August 24, 2014
Current episodes available via paid subscription at Velocast, much older episodes available at this website.
For a change from ancient history, I have started listening to a podcast on cycling history. Produced by the people at Velocast.cc, it is also notable as the first podcast or MOOC I have reviewed that actually costs money. For £8/month a subscriber gains access to weekly news and history podcasts and daily new podcasts during major races (Tour de France, Giro d’Italia, Vuelta a Espana and the Classics). I received a years subscription as a gift and consider it good value (so will probably resubscribe at the end of the year). All the podcasts are very entertaining, including TWiCH (as they refer to it). Production quality is high.
Each episode is roughly 45 minutes to an hour long and endeavours to reference events that happened during the same week in previous years. So in May most episodes refer to events that occurred during the Giro, during March it is the classics, and so on. This plan breaks down a bit with races that move around the calendar (like the Vuelta) and during the winter off-season. The episodes contain 3 segments. Each segment starts with a few minutes of pre-recorded introductory context on a particular event or aspect of bicycle racing. Then there is 10-20 minutes of lively discussion between the two presenters. Often they deviate wildly from the topic at hand, but it is always entertaining (and usually informative). Recent stories include: the hotly-contested Tour de France Lanterne Rouge (last place) “competition” in 1979; Stephen Roche winning the Giro in 1987 against his own teammate; and Jacques Anquetil winning his only monument, Liege-Bastogne-Liege in 1966. In general the stories are interesting and not the traditional famous ones heard repeatedly. The subsequent discussions are lively and entertaining. The two presenters have an immense knowledge of cycling history between them. Although they do often seem to mention cycling clothing fashion, pedalling style and Irish cyclists (one of the presenters is always Cillian Kelly who is Irish, so familiarity is probably the reason).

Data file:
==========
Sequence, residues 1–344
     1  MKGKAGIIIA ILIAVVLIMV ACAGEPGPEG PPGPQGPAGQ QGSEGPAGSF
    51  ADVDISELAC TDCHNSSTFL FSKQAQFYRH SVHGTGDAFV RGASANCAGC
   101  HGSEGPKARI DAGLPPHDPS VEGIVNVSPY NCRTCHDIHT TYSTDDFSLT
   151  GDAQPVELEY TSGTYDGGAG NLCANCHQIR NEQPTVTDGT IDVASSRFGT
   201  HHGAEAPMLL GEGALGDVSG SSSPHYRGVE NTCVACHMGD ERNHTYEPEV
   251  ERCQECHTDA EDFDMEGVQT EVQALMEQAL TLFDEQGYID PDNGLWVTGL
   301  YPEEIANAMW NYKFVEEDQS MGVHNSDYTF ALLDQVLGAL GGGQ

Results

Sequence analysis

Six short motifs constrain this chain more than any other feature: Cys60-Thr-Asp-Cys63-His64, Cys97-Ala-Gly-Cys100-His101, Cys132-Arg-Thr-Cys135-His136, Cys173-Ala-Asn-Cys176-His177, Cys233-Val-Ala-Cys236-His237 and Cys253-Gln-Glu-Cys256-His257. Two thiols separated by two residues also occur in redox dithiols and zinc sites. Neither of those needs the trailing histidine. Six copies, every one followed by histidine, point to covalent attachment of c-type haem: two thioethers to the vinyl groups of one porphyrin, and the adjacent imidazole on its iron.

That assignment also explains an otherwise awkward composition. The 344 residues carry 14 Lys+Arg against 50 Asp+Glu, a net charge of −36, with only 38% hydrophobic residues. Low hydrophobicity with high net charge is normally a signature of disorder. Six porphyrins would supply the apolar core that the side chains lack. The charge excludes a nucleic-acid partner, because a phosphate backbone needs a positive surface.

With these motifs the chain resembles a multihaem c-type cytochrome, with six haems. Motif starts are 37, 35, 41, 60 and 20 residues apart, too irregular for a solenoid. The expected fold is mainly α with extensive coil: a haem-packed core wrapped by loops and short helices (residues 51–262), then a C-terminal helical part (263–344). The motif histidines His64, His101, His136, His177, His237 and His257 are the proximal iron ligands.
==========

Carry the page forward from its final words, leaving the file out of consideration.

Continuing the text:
For fans of cycling who want to know more about the colourful history of the sport.
August 10, 2014
Eve Online is a game I have consciously avoided over the years. Not because I thought I wouldn’t enjoy it, but because I might enjoy it too much, and thus see too much otherwise productive time slip away (Minecraft is another game I avoid for similar reasons). However, recently the game had a Humble Bundle sale so I thought I’d give it a try. After all, I’m writing a vaguely similar game (albeit single-player) and have pretensions towards writing more games along a similar theme. It would be remiss not to experience, and try to learn from, one of the giants of the genre – a very successful game over a sustained period of time. Or at least that was my justification.
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August 2, 2014
Young kids today – embarrassing themselves all over the Internet with their ill-advised photos! They will never be able to obtain high public office! Of course, I think the only difference between the current and previous generations is in the wide availability of evidence of their indiscretions after the fact. There exists (or at least used to exist 20 years ago) a photo of me, which I think is understandable, but with a bit of spin in the media would stop me becoming Prime Minister. Let me explain.
During my 4th year at university I lived in a student house (I was 20). There were four of us in a large house on Vincent Street opposite Hyde Park in Mount Lawley. Besides me, there was a just-graduated accountant, a med student who seemed to spend most of his time partying, an artist and normally a random person or two crashing on our sofa. The artist was an interesting guy – a Thai orphan raised in Australia. Much of his art focused on satirising the military. We had a series of paintings around the house of Godzilla sized cartoonish characters in military uniforms (usually from World War 2) rampaging through cities or battlefields. Right outside my bedroom door was a giant Goofy-like character throwing tanks around. He also had an original 9 foot Nazi Swastika flag in his bedroom (the house had very high ceilings).